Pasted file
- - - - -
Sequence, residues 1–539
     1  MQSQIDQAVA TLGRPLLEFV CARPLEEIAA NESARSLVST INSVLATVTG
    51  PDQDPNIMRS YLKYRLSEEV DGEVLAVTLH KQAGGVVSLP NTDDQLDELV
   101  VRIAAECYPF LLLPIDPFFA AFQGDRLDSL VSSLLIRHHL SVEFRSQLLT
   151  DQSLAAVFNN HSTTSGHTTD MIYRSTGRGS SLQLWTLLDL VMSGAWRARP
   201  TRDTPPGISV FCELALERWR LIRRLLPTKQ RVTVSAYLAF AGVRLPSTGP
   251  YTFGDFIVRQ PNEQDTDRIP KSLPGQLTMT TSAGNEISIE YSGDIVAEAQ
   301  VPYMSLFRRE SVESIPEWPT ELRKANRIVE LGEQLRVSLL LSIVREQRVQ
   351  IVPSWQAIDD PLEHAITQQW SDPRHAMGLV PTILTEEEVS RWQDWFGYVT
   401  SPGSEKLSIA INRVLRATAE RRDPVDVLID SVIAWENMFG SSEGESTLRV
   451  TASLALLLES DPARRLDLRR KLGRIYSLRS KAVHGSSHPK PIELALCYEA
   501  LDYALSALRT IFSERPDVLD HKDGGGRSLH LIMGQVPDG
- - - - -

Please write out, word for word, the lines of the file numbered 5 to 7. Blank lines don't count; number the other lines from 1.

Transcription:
   151  DQSLAAVFNN HSTTSGHTTD MIYRSTGRGS SLQLWTLLDL VMSGAWRARP
   201  TRDTPPGISV FCELALERWR LIRRLLPTKQ RVTVSAYLAF AGVRLPSTGP
   251  YTFGDFIVRQ PNEQDTDRIP KSLPGQLTMT TSAGNEISIE YSGDIVAEAQ